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Turkey Talk

2066336457_c3df325bb7_oThis is the season of gratitude, getting together with friends and family to celebrate Thanksgiving and enjoy the company of those we love. On Thursday, as you sit around the table, carving the bird and passing the cranberry sauce, what will the conversation sound like? Will the talk center on the many dishes covering the table or the size of the bird? Will it be a time of catching up on the latest news? Will there be long periods of silence? Will football be the topic of conversation?

Any and all of those things are fine, but I’d like to propose something a bit different at this Thanksgiving’s dinner table. Why don’t you use this time to get to know the individuals seated next to you in a different way? I suggest you pose a question and then go around the table and ask everyone to give his/her response.

9235016311_6859b38071_bNow, I know what you’re thinking. That will go over like the proverbial lead balloon. Everyone will grumble and say what a stupid idea this is. They won’t want to do it. Yes, you may receive any or all of those responses, but try it anyway. Be prepared to go first. Maybe even enlist the support of one or two others to get the conversation going by sharing their stories. Before you know it, you may be hearing memories you never heard before. Everyone at the table may be laughing as they tell tall tales from long ago. I promise you, every time I’ve done this, no one wanted to do it at first, but at the end, everyone had a lot of fun.

It is story that connects us to one another, and when we share our stories, we give a piece of ourselves to those we love. Think about it. What better time than Thanksgiving is there to feel connected to the ones we care about?

Here are a few guidelines:

  • Choose topics that are neutral, not loaded with sentiment, especially negative feelings.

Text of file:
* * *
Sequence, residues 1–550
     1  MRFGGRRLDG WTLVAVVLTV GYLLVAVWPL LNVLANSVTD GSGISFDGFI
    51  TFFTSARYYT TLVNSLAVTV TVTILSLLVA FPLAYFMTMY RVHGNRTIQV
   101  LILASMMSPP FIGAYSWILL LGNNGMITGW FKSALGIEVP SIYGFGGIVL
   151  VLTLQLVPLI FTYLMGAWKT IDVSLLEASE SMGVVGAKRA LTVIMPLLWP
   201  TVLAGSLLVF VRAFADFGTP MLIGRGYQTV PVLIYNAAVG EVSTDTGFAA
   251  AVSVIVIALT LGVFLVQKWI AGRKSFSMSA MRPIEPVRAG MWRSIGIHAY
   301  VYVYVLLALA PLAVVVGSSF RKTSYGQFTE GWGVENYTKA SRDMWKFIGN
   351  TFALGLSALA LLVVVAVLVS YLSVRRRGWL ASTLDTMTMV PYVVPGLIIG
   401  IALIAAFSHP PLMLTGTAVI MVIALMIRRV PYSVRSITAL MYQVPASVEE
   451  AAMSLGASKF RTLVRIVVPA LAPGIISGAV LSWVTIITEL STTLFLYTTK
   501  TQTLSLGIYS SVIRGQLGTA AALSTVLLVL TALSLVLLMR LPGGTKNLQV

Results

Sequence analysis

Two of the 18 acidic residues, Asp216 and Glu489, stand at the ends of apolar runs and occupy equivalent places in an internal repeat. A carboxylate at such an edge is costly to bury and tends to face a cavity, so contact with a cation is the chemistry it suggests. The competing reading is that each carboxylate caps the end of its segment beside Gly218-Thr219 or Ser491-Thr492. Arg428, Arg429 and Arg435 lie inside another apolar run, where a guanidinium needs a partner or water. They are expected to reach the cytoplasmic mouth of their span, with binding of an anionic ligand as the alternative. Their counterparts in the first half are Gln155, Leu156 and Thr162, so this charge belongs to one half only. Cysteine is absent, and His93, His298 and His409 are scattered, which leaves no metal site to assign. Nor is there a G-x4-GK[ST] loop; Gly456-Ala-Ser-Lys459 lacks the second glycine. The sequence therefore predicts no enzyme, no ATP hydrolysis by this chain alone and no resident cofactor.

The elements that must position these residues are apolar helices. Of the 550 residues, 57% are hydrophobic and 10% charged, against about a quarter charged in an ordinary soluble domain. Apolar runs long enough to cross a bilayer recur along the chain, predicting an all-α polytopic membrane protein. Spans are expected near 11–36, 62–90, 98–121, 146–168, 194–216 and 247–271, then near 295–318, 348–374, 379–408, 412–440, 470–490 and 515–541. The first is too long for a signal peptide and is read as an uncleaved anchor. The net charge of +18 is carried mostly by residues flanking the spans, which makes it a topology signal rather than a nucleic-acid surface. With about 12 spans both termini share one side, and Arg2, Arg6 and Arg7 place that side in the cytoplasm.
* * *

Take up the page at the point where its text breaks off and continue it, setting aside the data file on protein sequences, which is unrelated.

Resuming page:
• Select general topics that apply to most people, so everyone can participate, even the kids.
  • Make sure the topics are open-ended and can’t be answered with yes or no.
  • Remember that what each person says is his/her remembrance. Don’t correct them.
  • Know that you may have to ask a few additional questions to those who don’t naturally give many details.

15904960181_1ff6a96d02_bIf you’re stumped for a few topics, try these:

  • Tell us about the first pet you remember. Do you have a story about this pet?
  • What was your favorite food as a child? What did this food taste like? Who fixed it? When did you have it? Was it an everyday item or one prepared only at special times of the year?
  • What was a food you hated as a child? Were you forced to eat it? Did you ever try to get out of eating it? How?
  • Who was your best friend in school? What did you like about this person? What did you do with this person that was fun? What’s one memory with this person you’ll always remember?
  • How did you get to school each day when you were young? Did you do anything special on these trips to school—sit with a certain friend on the bus, ride your bike, buy a treat on the way home, etc.?

That’s your mission should you choose to accept it, and I hope you do. Come back to this site and let me know how it goes. Whether it flies or bombs, I’d love to hear about your experiences.

Happy Thanksgiving.

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